Home » Governance » No More Prepaid Meters On Houses

Zesa has, with immediate effect, stopped installing prepaid meters in houses and will now mount them on poles to curb tampering and power theft. This follows authorisation by the State Procurement Board that would, however, cost the power utility an extra US$16 million.

Most meter tampering, estimated to be costing Zesa at least US$10 million monthly in potential revenue, was being done on meters that are installed on houses. Mounting them on poles means consumers cannot access them.

The SPB has also given the power utility the green light to move prepaid meter contractors who were sitting on thousands of meters because of contractual complications into areas with a deficit.

Bickering between the two parties had stalled the installation of the meters on poles, with the SPB arguing that Zesa had varied the contract on pole mounting without its authority.

The power utility then applied for variation in August last year and the SPB said Zesa was failing to justify reasons for variation.

In a letter to Zimbabwe Electricity Transmission and Distribution Company managing director Engineer Julian Chinembiri, SPB principal officer Mr Cledwin Nyanhete said the variation of the contract from ‘retrofit’ to pole mounting would cost US$16 776 073.

“The accounting officer’s request for variation of contract scope from retrofit to pole mounting under tender number ZETDC 072011 for design, supply, delivery and installation of STS-Compliant prepaid PLC wireless meters, be and is hereby granted subject to due diligence on costs by the accounting officer,” read the letter dated May 9.

The initial cost for installing the meter by four contractors was $58 million and the variation would push the total cost over $75 million.

The four initial suppliers were Solahart, Finmark, Nyamazela of South Africa and ZTE of China.

Zesa cancelled the ZTE tender for allegedly supplying ‘poor’ quality meters.

A Zesa source yesterday said putting away the meter from the customer would see their revenue increasing.

“These prepaid meters are called split meters meaning the measuring control unit (MCU) and the customer interface unit (CPU) are separated,” the source said.

“Now we are taking away the metering part and putting it to a place (the pole) that is not accessible. This was an oversight on our part as it should have been done in the first design.”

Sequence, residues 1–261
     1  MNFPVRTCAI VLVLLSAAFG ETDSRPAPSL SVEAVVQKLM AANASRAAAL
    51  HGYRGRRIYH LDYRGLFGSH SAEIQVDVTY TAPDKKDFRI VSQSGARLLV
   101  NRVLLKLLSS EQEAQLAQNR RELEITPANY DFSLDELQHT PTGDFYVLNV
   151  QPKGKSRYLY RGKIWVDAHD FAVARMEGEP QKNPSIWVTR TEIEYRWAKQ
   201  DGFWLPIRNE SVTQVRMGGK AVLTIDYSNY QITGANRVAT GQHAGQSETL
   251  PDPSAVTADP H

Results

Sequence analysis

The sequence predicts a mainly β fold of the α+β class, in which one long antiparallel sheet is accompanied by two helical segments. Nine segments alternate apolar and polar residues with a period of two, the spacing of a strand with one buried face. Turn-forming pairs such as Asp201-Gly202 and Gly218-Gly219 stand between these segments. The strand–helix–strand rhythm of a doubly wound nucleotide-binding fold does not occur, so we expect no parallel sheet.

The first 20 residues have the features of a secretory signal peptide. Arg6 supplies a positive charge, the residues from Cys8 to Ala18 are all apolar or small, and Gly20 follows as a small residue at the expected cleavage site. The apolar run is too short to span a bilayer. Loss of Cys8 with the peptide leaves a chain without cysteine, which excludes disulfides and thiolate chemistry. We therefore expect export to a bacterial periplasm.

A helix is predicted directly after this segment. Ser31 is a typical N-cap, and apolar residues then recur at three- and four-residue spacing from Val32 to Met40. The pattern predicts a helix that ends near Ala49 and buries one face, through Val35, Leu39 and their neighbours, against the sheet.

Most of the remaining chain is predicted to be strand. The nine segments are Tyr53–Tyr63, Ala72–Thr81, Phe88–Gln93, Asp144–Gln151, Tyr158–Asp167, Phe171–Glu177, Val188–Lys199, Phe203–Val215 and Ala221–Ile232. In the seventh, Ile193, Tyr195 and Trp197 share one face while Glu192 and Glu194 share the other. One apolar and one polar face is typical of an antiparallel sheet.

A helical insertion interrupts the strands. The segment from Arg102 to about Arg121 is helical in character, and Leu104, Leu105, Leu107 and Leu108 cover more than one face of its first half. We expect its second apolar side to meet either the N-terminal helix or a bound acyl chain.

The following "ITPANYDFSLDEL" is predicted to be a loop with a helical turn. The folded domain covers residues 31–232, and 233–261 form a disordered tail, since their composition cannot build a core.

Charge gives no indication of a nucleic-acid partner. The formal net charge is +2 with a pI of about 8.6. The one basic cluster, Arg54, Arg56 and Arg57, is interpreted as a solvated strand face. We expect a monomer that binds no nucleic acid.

The source said anyone whose meter was installed on the house, if caught tampering would face severe penalties.

“People will continuing operating their CPUs for the purposes of topping up power,” said the source.

“If one is caught then Zesa would mount the meter on the pole and the culprit would pay the cost for that job in addition to a penalty that goes with his or her mischief.”

Installation of prepaid meters in Harare and western regions including Bulawayo had also been installed as the company contracted to install the meters, Solahart was failing to meet demand.

Two companies, Finmark and Nyamazela were contracted to cover other regions and finished installations, but could not move into areas with shortfalls because of procurement procedures.

Zesa’s application for variation of the contract was again granted by the SPB.

“The accounting’s request for partial variation of location of contractors from current lots to cover Lot A (Harare) and C (Bulawayo-Western) in order to complete outstanding contractual installations without increases in award quantities, be and hereby granted, subject to confirmation of exact quantities installed by each contractor,” Mr Nyanhete said.

“The accounting officer should submit a report on exact installations by each contractor for purposes of calculating administration fees for the direct awards on line with statutory instrument 159 of October 12, 2012.”

Sources said had it not been for bickering between the SPB and the power utility, installation of pre-paid meters would have been complete.

“We were still to install over 100 000 meters in Harare and the western regions and this could not happen but now we are moving ahead,” the source said.

“The Zim-Asset target base has 800 000 meters, but we have 500 000 prepaid meters meaning the other 300 000 are going to be smart meters.”

The smart units, being installed at a cost of more than $100 million, are also being introduced to curb tampering.

Source : The Herald

Archives